While both Avatars’ stories have ups and downs, I contend that personal suffering is a great deal more important to Korra’s story than Aang’s.
Aang suffers the loss of his people, and the blow is fearsome, but he wakes up after it’s already over. His loss is potent, but it happens early in the series, and Aang’s natural cheer recovers, aided by the fact that not all of his friends have died.
In terms of injuries, Aang is disconnected from the spiritual presence of the Avatar in a traumatic attack, but his friends continue to support him, and his recovery is relatively swift.
In the first season of The Legend of Korra, Korra faces a hemokinetic (someone with the ability to control blood) who can achieve the same thing Aang did against the Fire Lord - take away the powers of another. She loses her ability to control water, earth, and fire, and even though she manages to defeat the villain, she believes she is crippled for life.
It is implied - though not outright stated - that Korra considers killing herself in order to spare the world a crippled Avatar. Fortunately, she is soon thereafter healed, but the experience was scarring.
In the second season Korra loses the unbroken chain of past Avatars that serve as mentors to the current holder of the title, and is temporarily disconnected from the Avatar spirit itself when it is violently ripped out of her.
In the third season Korra is poisoned with what appears to be mercury in an attempt to kill her, and she is very nearly suffocated to death in the ensuing battle. The wounds from this encounter leave her unable to walk for a long time - a critical blow in a setting where using one’s powers involves performing martial arts katas.
The fourth season of The Legend of Korra involves a villain, Kuvira, The Great Uniter, who ascends to become a dictator of immense power during the Avatar’s three-year recovery, but it would be a mistake to think that that’s what the season is about.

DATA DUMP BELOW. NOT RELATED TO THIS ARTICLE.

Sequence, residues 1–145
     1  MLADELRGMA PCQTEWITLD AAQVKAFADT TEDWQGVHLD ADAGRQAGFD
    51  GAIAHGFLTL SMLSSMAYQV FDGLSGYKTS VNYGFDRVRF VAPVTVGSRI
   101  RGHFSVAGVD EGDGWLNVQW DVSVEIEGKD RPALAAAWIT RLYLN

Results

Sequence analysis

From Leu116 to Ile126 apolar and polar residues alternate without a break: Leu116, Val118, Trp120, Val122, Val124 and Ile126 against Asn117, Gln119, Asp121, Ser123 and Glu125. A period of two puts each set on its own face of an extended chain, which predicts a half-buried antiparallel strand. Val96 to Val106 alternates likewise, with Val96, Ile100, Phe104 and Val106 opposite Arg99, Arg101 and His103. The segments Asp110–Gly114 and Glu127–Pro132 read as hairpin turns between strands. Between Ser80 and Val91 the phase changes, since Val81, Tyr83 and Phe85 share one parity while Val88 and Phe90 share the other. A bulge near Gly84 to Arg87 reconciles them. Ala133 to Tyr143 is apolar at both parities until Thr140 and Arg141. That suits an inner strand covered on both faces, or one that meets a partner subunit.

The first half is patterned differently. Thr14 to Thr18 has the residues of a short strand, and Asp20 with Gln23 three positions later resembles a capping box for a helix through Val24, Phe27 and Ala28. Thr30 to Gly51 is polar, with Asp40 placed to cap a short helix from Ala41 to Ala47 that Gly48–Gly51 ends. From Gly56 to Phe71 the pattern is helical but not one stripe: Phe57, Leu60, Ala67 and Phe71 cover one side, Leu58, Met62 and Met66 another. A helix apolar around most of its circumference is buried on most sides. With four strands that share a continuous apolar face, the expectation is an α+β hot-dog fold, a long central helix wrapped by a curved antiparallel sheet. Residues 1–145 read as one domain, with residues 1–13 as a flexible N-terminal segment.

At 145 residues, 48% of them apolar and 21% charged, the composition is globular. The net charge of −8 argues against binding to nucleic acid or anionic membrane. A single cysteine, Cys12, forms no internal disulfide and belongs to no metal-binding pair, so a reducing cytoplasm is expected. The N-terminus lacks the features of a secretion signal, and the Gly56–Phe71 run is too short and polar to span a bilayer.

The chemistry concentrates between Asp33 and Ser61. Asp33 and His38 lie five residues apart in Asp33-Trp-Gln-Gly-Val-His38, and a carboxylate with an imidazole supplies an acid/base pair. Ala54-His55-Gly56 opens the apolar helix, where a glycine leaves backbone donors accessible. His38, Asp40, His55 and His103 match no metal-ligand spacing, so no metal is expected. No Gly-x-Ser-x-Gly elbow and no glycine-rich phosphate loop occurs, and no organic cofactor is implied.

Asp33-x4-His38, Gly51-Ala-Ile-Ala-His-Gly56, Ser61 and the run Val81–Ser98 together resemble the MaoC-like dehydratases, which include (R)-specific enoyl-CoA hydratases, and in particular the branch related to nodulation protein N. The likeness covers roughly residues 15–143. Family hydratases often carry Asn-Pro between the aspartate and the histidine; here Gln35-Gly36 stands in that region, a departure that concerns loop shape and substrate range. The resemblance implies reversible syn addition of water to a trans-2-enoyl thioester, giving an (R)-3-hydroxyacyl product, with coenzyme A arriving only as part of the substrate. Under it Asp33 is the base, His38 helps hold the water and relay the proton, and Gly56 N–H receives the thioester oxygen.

Korra has suffered, and her final season is the story of her recovery - both physical and mental - from that suffering. She isn’t as powerful as she used to be, her friends and foes don’t respect her abilities the way they used to, and her PTSD prevents her from accessing all of her abilities.
Korra’s journey throughout the season is largely about her recovering and regaining that power, setting up for the final battle in which she will use it against a newly made weapon of mass destruction.
With the help of her friends, Korra manages to stop Kuvira, but the weapon of mass destruction - a laser capable of obliterating skyscrapers - is unleashed, in circumstances that render it unable to be shut down. The key scene comes when Kuvira, who fired the weapon in an attempt to kill Korra, winds up in the beam’s path.
Korra achieves the Avatar state and purposefully blocks the laser before it can kill Kuvira, saving the life of the villain just seconds after said villain tried to murder her.
The fourth season of The Legend of Korra is about Korra recovering from and eventually overcoming the trauma she suffered and the self-doubt it left her with. Her last experience of the Avatar State in season three was a vicious, violent fight to the death, and Korra can no longer condone using her power to destroy her enemies the way she tried in earlier seasons.
Rather, the climax of the season (complete with triumphant music) is when Korra overcomes the laser and saves her enemy’s life. She chooses to believe in herself and face the greatest weapon ever created, not to destroy or kill, but to protect.
The violence that traumatizes Korra - that haunts her for years - was not just the violence that was done to her; it was the violence that she committed in response.
Korra isn’t haunted by the specter of her enemy, but of herself, at the feral moment when she sought only to kill those who had harmed her.
Her arc leads her to a place where she can move past that trauma by employing the same power, but towards the preservation of the life of an enemy instead of towards its destruction.
Both Avatars refused to kill an adversary whose death would have been perfectly justified.
Both saved the life of someone who, seconds prior, had tried to take theirs.
And in both cases, the Avatars created the foundation for a future peace that was built, not on a lesser evil, but on a lesser good.
There is a belief that it is moral to use violence to end violence, and sometimes there truly is no other choice. Sometimes we don’t have the ability to resolve a conflict any other way.
But that doesn’t mean that using violence is ever ideal. Violence always, always leaves scars.
In using their power to solve their problems without violence, the Avatars show us how power can serve the cause of peace without just being a bigger stick. It can also open up new paths and create possibilities that preclude the need for war.